do I even need to comment on the picture at left?
I´m writing from an empty internet cafe in Madrid on a Friday night at almost midnight. I could lie and say I went out and had a great time in Madrid tonight but the truth is, I don´t really feel like it! My train got in at 11pm (which is what time people start the evening in Madrid) but - well - it´s raining for one thing, and I´m tired for another, but it´s really not the same when you´re in a city like this by yourself. And no offense Madrid, but I basically budgeted enough time to see The Prado, one other museum, walk by a couple plazas, and leave the next day.
The area I´m staying in is Madrid´s theater district and just like Times Square used to be, it´s full of strip clubs and smells like crap, but it´s starting to get taken over by "cleaner" companies like Starbucks, etc. My hostel is way cool though, it´s in an apartment building with a really funky Victorian elevator with mahogany doors that they warned me "sometimes gets stuck between floors" and the dorm room has a little balcony overlooking the park below. You would really never know a hostel was there because you have to call up and get buzzed in like a private apartment.
Oh, but I had the best 1st Class train experience for my first train trip in Spain! I was sortof dreading a 5 hour trip to Madrid, but when I got to the platform, it was like an airport. Really weird but they have you wait outside a gate before boarding the train, then an individual person takes your tickets, and then as soon as you get on board, the stewardesses come through with orange juice or champagne and packages of dried fruit! Hello!
And after an hour, they bring a mini-meal which comes with a split of whichever wine you want (unlike our planes, they had a wine list! at least 12 wines and 2 champagnes!!) In Spain, when you order wine anywhere, you usually get a whole split bottle to yourself. Si. I realllllllllllly like it here.
It´s completely hilarious to me that Eurail passes now require you to be in 1st Class when you´re older than age 26. It´s so funny because I am totally travelling er, um, "economically", so it´s not like I fit in with the 1st Class crowd. But it´s nice to sit in the bigger seats and get the few perks even though I look like a slob.
As I was ordering my food in this internet cafe tonight (where they speak very little English), I thought to myself, "how do you say 'Can I take this beer with me to the internet terminal?' in Spanish??" I mean, come on now, the phrase books these days really don´t provide you with enough essential phrases!
Oh - by the way - everybody who has an iPod is familiar with the mysterious phenomenon, that iPods have a sixth sense and when they´re on shuffle, they occassionally choose the most appropriate song for the environment or situation you´re in. This happens to me enough that no one could ever possibly chaulk it up to coincidence, especially considering the sheer amount of music in my iPod. Perfect example today - as I came up the metro to look for my hostel in this semi-sketchy neighborhood in Madrid, and my iPod was on a random mix, and it goes to the Gipsy Kings' Spanish version of "hotel california" - the one that plays in Big Lebowski while Jesus dances on the bowling alley... yup! I was like, "Uh, I hope this isn´t a Hotel California experience... "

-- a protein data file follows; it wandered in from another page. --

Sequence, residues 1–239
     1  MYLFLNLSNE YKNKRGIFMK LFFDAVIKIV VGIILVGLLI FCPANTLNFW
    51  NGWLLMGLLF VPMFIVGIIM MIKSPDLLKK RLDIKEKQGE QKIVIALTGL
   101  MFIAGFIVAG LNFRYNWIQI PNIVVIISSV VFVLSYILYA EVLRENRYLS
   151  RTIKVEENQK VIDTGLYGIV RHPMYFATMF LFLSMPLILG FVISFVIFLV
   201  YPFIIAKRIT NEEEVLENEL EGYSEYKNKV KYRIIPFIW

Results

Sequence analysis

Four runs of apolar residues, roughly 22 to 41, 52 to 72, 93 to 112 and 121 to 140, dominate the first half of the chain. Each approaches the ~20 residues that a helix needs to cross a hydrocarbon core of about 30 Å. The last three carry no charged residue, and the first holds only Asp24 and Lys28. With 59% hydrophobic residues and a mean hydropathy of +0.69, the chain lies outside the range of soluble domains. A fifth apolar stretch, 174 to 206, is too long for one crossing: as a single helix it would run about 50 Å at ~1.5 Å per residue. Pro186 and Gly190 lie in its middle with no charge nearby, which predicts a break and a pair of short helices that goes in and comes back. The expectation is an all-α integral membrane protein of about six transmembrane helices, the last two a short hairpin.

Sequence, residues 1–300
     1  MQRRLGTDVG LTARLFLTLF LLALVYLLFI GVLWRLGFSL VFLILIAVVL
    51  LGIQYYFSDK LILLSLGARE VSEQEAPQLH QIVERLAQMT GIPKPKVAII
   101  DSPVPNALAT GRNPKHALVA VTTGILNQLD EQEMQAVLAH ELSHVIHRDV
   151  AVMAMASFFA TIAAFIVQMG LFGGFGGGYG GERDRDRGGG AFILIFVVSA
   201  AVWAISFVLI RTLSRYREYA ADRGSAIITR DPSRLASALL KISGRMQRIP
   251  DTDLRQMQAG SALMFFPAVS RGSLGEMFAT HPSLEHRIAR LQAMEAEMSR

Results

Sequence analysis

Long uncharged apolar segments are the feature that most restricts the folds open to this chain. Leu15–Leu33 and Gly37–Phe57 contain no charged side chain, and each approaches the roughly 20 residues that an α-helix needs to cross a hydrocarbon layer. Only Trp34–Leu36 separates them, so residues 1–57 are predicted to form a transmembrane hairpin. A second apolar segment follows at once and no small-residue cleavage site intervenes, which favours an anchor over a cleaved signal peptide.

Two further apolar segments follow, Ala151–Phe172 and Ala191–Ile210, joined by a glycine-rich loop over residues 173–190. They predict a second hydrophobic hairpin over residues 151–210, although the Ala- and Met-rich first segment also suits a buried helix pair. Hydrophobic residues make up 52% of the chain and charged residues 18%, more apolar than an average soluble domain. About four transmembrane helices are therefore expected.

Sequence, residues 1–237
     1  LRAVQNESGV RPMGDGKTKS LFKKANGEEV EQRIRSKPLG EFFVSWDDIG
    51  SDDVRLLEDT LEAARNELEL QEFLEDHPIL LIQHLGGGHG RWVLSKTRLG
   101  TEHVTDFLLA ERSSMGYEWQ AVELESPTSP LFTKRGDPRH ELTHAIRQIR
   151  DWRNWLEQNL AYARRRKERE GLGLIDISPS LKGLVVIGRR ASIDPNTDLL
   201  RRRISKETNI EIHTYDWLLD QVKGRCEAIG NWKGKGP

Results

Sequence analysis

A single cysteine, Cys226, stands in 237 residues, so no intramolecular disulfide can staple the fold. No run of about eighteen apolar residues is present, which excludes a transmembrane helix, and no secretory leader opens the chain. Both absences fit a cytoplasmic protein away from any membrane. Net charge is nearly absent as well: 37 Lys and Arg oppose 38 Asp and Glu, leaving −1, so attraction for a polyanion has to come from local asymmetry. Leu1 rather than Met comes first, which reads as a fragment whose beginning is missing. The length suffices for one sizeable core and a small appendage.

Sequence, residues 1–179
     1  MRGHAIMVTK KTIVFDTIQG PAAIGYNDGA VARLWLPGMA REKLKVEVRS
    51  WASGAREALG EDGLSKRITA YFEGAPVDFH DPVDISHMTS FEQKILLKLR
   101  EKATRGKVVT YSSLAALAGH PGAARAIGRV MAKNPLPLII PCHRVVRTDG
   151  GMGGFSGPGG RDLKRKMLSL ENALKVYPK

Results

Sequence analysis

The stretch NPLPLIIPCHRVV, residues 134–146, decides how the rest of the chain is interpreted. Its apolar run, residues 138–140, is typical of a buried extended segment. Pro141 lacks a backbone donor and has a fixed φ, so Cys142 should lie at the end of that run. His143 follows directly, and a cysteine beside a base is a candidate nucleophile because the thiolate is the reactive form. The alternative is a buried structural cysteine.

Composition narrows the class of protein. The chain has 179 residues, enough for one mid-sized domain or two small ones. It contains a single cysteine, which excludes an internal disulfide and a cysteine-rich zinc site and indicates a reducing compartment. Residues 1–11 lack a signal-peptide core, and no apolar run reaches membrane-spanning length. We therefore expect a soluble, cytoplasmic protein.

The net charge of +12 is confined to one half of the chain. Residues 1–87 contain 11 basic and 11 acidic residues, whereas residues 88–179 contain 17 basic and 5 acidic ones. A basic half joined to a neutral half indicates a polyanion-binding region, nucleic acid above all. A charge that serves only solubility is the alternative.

So while I have a minute, I thought I´d write about a few travel tips for anyone who visits Europe at all - mostly things I wish I knew ahead of time:
- if you can carry it / afford it, a laptop is great because you can use the internet when sitting on a train for hours, or waiting in airports, and you never have to deal with annoying foreign keyboards, plus obviously a secure server, your own preferences, etc... second best option is to stay with friends who have free internet!
- try to carry 1 Euro coins (and small bills) because so many things like lockers and vending machines and laundry only take that 1 Euro coin.
- pharmacies are freakin´expensive compared to those in "the states", so buy vitamins, cold medicine, sunscreen at home.
- your ipod is your best friend, your watch is your other best friend, be sure to wear both everyday. a rolling bag is also your best friend, even on bumpy streets, i am so glad i didn´t bring a "real" backpack like the hard-core hostellers.
- you don´t really HAVE to learn languages if you ask in English very slowly and very politely, but saying "thank you" or "please" in the language really really helps plus I do like to learn the language, personally. but I´ve been surprised at how genuinely helpful people are if you just smile and ask nicely.
Before I forget, thanks to Kara for suggesting I write a blog on this trip, it is way easier to stay in touch with everyone and maybe when I get back, people will say "wow, I loved reading about Barcelona" instead of like, "So, where did you go in Europe?" which is a hard one to answer in 5 minutes or less.